Germany recorded 61,428 asylum seekers in February, down by a third from January, data released Tuesday by the Interior Ministry showed.
Syrians made up the biggest group of people seeking refuge, with 24,612 arriving in February, while Iraqi and Afghan asylum seekers numbered around 12,000 from each place.
Not all of the newcomers have filed official asylum requests and only some will be allowed to stay as Germany has vowed to send back all “economic migrants” from countries at peace.
The figure may also include repeated registrations in different German regional states and people who have since moved on to other European Union countries.
Nevertheless, the sharp drop in new arrival numbers from January is expected to come as welcome news to Chancellor Angela Merkel, who has found herself under fire at home over her liberal refugee policy after around 1.1 million asylum seekers arrived in 2015 alone.
Although she has refused to slam the door shut, Merkel has campaigned for an EU-wide solution to the crisis that includes strengthening Europe's external borders and making a deal with Turkey to stop the irregular migrant flows.
'Drop the pub politics'
Professor Wolfgang Kaschuba, director of the Berlin Institute for Research on Integration and Migration (BIM), told The Local that the reduction in arrivals reflects the fact that far fewer people are coming to Europe.
“Many families in the refugee camps don’t want to come to Europe and those that do don’t have the money any more – they have already invested it in a son,” Kaschuba said.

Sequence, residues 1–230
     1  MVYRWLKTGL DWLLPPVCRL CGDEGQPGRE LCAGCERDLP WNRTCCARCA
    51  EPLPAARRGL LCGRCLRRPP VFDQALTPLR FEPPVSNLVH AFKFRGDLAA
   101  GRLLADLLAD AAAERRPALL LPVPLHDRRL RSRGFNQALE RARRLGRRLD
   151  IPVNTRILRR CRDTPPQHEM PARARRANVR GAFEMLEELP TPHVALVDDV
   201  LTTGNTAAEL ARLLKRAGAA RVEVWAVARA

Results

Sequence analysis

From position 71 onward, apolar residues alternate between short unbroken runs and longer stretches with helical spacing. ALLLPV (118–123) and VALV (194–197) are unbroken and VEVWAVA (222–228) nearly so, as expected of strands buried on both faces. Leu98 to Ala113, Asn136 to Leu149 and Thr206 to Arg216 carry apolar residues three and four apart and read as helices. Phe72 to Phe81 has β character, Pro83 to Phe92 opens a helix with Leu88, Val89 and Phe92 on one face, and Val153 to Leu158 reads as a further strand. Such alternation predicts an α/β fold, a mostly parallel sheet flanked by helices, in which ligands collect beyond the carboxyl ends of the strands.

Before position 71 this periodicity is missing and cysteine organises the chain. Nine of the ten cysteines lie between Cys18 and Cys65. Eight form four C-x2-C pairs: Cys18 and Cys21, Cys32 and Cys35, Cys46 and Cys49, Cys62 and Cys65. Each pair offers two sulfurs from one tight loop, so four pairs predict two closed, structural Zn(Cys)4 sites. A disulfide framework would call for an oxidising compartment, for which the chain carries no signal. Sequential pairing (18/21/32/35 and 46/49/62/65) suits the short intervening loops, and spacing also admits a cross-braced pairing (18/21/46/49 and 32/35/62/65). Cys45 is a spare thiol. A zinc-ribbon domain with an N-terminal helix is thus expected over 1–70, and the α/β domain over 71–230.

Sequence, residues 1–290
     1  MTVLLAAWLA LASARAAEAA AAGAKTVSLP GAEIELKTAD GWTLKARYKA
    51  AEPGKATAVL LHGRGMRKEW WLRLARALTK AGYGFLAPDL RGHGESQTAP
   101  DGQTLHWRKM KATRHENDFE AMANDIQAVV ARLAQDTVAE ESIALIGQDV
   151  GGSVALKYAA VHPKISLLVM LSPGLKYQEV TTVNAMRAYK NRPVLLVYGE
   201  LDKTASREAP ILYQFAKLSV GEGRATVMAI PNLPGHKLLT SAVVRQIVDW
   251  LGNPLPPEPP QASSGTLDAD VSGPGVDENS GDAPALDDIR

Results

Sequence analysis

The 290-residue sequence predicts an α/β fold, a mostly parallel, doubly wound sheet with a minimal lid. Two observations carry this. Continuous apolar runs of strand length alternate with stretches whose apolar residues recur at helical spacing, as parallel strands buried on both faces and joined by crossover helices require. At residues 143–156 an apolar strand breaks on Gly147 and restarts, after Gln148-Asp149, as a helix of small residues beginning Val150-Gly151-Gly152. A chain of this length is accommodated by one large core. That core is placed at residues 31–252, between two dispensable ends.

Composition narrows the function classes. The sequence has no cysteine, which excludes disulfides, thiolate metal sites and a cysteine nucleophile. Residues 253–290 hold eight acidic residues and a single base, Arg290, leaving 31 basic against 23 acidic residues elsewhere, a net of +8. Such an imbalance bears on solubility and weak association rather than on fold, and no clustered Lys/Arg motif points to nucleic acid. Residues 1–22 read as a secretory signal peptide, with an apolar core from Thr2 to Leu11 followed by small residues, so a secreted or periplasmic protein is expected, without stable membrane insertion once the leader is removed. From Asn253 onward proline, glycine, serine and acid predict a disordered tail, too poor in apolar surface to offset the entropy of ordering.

The idea that millions of refugees around the globe all want to come to Europe is “nonsense” he said, arguing that most Syrians want to stay near their country because that is where their properties and wealth lie.
Two other critical factors in the drop in numbers are the poor winter weather and the closing of borders along the Balkan route.
The closing of borders has become “central” in recent weeks, says Kaschuba.
“This will have been very quickly communicated back down the refugee routes via smart phone,” the BIM director says.
Whether the reduction in arrivals is a long-term trend will depend on whether European leaders “drop the populist pub politics and start following European and world politics” Kaschuba says.
For the Berlin-based academic, that means making sure warring factions in Syria stick to the terms of a recently instituted ceasefire arranged, and providing food and education services to the camps in neighbouring countries.